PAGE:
At the start of this chapter, we created a page of word terms to be defined. The user clicked on a word term and another slide appeared containing the definition. This can be quite tedious as the presentation design gets more complex.

The animations we have done up to this point in PowerPoint 2002 and later are easier to set up because things can appear and disappear on the same slide. However, all of these are still part of a sequence of either timed animations or click-initiated animations. The ultimate way to set up a definition page would be for the animations to occur outside of a preset timeline, with a click. Triggers, which were added in PowerPoint 2002, allow these types of animation sequences to be created quickly and easily.

What Is A Trigger?

A trigger is a click that initiates a series of animations and effects. Triggers are set up via the Timing tab of the Effect Options window.

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Figure 6-15: Timing Effects Window

The trigger information only shows when the Triggers button has been clicked. To set up the trigger for an animation, click the Start effect on click of radio button. To change the animation back to a regular animation, click the Animate as part of click sequence radio button.

Triggers are clicks on objects on the screen, including placeholders. Unfortunately, triggers cannot set on a word of text within a placeholder; triggers can only be set on objects.

Setting Up A Trigger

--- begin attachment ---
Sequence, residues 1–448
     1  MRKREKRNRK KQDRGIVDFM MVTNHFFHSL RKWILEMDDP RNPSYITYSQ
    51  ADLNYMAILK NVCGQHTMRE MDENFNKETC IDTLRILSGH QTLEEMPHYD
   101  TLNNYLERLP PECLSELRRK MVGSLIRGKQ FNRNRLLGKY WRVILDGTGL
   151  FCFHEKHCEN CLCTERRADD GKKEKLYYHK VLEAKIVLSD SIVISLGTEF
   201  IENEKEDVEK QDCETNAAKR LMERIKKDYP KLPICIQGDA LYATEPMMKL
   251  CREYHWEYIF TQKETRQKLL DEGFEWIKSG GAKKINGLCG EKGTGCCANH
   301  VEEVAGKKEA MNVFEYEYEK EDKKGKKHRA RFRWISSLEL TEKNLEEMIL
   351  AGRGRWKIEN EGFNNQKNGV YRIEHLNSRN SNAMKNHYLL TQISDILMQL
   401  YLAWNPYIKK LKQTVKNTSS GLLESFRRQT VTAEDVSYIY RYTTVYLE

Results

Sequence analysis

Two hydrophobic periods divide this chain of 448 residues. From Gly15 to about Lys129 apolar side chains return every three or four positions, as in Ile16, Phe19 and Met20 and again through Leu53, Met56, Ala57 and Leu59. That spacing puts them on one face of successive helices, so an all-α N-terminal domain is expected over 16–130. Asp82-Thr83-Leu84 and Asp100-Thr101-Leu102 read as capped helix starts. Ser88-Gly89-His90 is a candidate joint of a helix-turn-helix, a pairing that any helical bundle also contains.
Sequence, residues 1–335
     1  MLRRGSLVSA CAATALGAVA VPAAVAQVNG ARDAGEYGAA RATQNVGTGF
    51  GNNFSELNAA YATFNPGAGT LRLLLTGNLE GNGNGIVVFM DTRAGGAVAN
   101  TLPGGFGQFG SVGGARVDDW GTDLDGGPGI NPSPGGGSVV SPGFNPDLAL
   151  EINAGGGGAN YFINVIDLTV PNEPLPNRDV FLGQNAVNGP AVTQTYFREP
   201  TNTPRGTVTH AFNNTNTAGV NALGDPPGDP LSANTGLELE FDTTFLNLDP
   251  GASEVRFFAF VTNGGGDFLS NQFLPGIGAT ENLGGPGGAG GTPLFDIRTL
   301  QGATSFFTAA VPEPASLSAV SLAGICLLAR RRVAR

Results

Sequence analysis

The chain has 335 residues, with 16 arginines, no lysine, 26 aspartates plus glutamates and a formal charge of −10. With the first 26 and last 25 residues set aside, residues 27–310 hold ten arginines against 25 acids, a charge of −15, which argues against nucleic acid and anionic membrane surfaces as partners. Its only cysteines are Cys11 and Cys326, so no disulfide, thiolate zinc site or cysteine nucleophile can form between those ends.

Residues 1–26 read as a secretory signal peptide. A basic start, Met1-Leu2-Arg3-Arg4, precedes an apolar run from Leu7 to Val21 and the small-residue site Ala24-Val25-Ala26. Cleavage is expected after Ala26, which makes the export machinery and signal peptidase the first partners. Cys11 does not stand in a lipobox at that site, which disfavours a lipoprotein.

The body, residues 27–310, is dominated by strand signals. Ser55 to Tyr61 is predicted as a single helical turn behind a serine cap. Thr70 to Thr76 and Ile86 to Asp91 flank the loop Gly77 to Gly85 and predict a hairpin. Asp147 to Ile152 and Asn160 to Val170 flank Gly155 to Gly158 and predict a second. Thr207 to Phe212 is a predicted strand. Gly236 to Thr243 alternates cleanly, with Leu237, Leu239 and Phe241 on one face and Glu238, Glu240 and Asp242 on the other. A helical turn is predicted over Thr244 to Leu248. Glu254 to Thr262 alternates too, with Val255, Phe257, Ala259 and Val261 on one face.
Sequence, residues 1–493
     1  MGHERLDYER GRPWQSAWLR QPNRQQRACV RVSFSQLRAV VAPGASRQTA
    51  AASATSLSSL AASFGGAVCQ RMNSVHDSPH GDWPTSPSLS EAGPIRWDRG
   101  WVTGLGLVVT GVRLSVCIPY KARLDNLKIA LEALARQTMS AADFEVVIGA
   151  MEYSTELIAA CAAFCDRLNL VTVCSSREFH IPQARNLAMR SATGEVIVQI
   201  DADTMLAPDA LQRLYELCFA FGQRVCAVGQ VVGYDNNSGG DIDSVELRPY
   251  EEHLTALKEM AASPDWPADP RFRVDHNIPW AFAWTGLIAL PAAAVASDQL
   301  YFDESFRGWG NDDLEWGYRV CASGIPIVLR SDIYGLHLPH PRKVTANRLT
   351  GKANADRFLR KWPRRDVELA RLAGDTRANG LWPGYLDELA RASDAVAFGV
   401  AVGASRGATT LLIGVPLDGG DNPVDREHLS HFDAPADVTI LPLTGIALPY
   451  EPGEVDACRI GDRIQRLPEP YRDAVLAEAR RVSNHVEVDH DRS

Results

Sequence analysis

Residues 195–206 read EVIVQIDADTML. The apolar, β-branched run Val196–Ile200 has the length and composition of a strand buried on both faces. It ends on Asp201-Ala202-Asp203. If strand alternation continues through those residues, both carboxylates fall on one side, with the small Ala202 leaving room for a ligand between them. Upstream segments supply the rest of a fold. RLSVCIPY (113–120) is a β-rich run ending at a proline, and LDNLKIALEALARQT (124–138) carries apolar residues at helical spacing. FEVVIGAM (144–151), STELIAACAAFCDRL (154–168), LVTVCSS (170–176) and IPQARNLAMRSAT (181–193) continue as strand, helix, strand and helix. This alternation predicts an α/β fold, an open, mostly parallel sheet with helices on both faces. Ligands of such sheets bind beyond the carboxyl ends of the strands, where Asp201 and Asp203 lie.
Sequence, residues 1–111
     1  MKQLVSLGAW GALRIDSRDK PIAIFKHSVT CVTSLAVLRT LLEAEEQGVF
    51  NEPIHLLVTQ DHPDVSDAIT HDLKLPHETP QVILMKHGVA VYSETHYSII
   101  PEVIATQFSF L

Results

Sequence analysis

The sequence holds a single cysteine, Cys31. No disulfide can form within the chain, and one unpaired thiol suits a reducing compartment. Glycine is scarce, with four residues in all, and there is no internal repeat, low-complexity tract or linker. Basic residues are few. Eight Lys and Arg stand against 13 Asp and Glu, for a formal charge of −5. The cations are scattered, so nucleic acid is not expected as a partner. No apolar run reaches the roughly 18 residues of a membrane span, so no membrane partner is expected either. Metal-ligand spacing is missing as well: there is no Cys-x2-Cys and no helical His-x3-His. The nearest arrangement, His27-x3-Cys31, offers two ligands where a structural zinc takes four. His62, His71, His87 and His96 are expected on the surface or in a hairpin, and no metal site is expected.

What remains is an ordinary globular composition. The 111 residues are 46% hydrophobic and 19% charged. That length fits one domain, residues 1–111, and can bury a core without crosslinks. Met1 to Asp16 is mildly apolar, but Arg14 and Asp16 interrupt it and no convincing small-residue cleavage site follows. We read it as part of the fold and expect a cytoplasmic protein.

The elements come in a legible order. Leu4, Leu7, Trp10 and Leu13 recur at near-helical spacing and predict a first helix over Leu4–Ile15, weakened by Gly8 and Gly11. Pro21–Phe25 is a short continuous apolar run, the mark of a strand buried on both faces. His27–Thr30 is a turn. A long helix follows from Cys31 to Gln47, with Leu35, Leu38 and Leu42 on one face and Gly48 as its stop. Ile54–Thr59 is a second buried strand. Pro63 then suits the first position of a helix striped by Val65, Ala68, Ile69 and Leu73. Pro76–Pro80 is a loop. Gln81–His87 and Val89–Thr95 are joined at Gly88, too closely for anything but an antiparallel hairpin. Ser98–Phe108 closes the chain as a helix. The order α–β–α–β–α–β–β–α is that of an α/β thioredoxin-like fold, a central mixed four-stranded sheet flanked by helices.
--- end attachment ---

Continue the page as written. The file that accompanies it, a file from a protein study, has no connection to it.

The first step to creating a triggered animation is to create the slide and the elements that should appear when the trigger is clicked. In our case, start with the definitions slide.

Add the definition boxes that appear when a word is clicked. Then, set up the animation for the boxes. Each definition should be set to zoom in when clicked and disappear when clicked a second time. After adding the definition box for krill, the slide looks like Figure 6-16:

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Figure 6-16: Vocabulary Slide Configured with a Trigger

The animation list shows a pair of animations for Rectangle 5, the definition box for krill: an entrance animation and an exit animation. The next step is to make them triggered animations.

We cannot click on the words to start the animation sequences, because they are all part of the same object/placeholder. Because triggers must be set to unique objects on the slide, we create an empty box slightly larger than the word krill, place it over the word and set the trigger on the box.

Now, we determine the name of the empty box. To do this, add an animation to the empty box. You see a new entry at the end of the animations list, which should look like Figure 6-17

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Figure 6-17: Custom Animation Window for Triggered Words

Note the new element is called Rectangle 6. Click on the animation and delete it. You do not want to delete the shape, only the animation.

To set up the trigger:

  • Right-click on the entrance animation for the definition and select effect options.

  • Bring up the timing tab and click Triggers.

  • Click the radio button for Start effect.

  • From the drop-down list, select Rectangle 6.

  • Click OK. The triggered animation moves to the bottom of the list.

Repeat these steps for the exit animation of the krill definition. At the end, the animation list should look like Figure 6-18:

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Figure 6-18: Trigger Animation

Look at the slide. Notice instead of having numbers next to the shapes to indicate the order of the animation, there are now hands with a pointing finger. Each of these icons indicates there is a trigger animation associated with this shape.

Kathy Jacobs On PowerPoint
Kathy Jacobs On PowerPoint
ISBN: 972425861
Year: 2003
Pages: 166

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